EDIT: The response by Mariano Suárez-Álvarez is of course correct, and it tells us that this (co)ohomology will be trivial whenever the vector field is nowhere vanishing. As such, it is not particularly interesting to look at, I believe. This is largely due to the fact that the operation of interior multiplication is really a "pointwise" operation, not a local operation like differentiation. Hence it acts trivially on $$C^\infty(X)$$, which is why it does not give "interesting" local information about the manifold $$X$$.

It also answers what happens on the Hopf bundle: the cohomology will again be trivial, because the group action is free. Rather, when we have an $$S^1$$-action (or an $$\mathbb{R}$$-action) on a manifold $$X$$, the cohomology that you obtain from this complex, using infinitesimal generators for the action, is going to tell you something about the fixed point locus of the action. I suppose that's about as satisfactory of an answer that one could hope for, in this case.

• I'm glad you were also interested in this question. I'm sorry that it took time to reply to find out what you said. Actually, I don't know much about Lie theory, so I've studied a little bit about why you set vector field as $\partial_{\theta_2}$, but I don't know. Could you briefly explain how you got fundamental vector field by linking Lie group to s1-bundle? That will help me understand what's going on in Hopf fibration. Jan 23, 2023 at 16:28
• And, while I was searching for what you said, I found out that you use interior derivatives for the definition of poisson homology. However, since this operation reduces the order of the differential form by -2, it defines the homology by constructing an operation that reduces the order by -1, but I don't know about simpletactic geometry, so I think I need to find out more. Jan 23, 2023 at 16:31
• About EDIT: I don't yet understand how Mariano Suárez-Aélvarez's algebraic approach simplifies the problem, so I don't know how this has led you to such a conclusion. However, thank you for letting us know that using this method does not provide good information about this homology. Jan 23, 2023 at 16:40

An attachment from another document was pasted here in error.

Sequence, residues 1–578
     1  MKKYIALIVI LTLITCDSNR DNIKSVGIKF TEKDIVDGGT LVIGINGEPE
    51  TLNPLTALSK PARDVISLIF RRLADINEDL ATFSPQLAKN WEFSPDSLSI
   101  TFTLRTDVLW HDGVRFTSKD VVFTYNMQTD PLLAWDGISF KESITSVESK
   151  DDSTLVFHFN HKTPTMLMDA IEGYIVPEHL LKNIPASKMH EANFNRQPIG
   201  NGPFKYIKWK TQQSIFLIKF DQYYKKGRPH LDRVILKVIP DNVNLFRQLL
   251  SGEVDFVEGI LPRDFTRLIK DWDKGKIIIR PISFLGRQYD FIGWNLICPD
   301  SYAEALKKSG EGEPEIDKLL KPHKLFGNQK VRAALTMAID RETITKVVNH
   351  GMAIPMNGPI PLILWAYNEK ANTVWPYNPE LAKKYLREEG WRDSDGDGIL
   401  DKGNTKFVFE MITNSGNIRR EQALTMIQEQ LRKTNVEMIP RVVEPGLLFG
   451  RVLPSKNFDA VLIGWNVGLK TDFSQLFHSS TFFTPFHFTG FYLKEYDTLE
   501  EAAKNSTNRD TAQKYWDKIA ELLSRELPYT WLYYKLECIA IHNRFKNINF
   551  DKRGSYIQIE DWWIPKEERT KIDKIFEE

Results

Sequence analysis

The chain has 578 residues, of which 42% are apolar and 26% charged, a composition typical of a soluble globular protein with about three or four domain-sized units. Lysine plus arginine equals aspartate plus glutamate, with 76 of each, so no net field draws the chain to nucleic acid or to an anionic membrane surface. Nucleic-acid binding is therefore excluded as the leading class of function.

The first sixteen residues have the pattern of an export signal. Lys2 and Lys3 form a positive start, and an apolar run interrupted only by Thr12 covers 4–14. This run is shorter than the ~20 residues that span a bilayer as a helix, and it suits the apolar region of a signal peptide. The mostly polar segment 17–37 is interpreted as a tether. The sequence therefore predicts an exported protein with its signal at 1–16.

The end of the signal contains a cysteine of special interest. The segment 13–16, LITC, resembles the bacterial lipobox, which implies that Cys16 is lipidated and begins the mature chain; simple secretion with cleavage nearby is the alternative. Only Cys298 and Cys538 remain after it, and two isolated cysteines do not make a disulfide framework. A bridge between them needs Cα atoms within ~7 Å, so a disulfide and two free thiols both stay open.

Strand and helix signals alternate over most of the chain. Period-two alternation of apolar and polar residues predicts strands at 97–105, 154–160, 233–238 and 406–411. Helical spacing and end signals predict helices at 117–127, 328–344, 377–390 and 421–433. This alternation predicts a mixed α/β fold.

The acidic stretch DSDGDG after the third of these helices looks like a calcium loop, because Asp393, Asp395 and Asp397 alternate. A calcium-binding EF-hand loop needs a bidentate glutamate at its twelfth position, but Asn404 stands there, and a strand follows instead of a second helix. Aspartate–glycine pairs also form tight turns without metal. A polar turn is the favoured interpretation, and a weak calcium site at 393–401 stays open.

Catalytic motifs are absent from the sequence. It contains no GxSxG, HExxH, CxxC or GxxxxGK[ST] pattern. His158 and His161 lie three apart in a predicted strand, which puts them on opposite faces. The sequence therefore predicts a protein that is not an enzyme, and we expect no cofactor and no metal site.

• It does not follow directly from what Mariano said. But his response tells you that the complex for a vector space is exact if the vector is non-vanishing. Now, for a vector field on a manifold, interior multiplication can be computed at a pointwise level. At each point, the resulting complex is exact if and only if the vector field is non-vanishing at that point. So the only points where something non-trivial happens, are those points where the vector field does vanish. Jan 23, 2023 at 18:48

You can do this calculation purely algebraically. I'd suggest doing first the following variation.

Consider a vector space $$V$$, a vector $$v$$ in $$V$$, the exterior algebra $$\Lambda^\bullet V$$, and the map $$w\mapsto v\wedge w$$ from the exterior algebra to itself of degree $$+1$$. One can easily check that this complex is exact if and only if the vector v is non-zero.

If you do that, which is easier than your problem because of less notation, you can look at the next thing:

Let now $$A$$ be the graded vector space $$\Lambda^\bullet V^*$$, the exterior algebra on the dual space of $$V$$, let $$v$$ be a vector in $$V$$, and now let $$d$$ be the map of degree $$-1$$ on $$A$$ that is given by contraction with $$v$$. Can you compute the homology of $$A$$?

• Oh, I couldn't think about it, but there's also an algebraic approach. Thank you! Jan 22, 2023 at 16:21
• I know very little about extraterior allgebra, so if I think of it as $v\in \Lambda^1 V$, $0\in\Lambda^0V$ and calculate it, I know it's only exact when $v$ is not zero, but I'm not sure how to construct $d$ with $v$. Can you help me? Jan 22, 2023 at 19:44
• As you said, we have to calculate $v\wedge w$ for $v\in V, w\in \Lambda^\bullet V^*$, but in this situation, isn't the wedge product only able to compute for elements of $\Lambda^\bullet V^*$, not $V$? Jan 23, 2023 at 16:08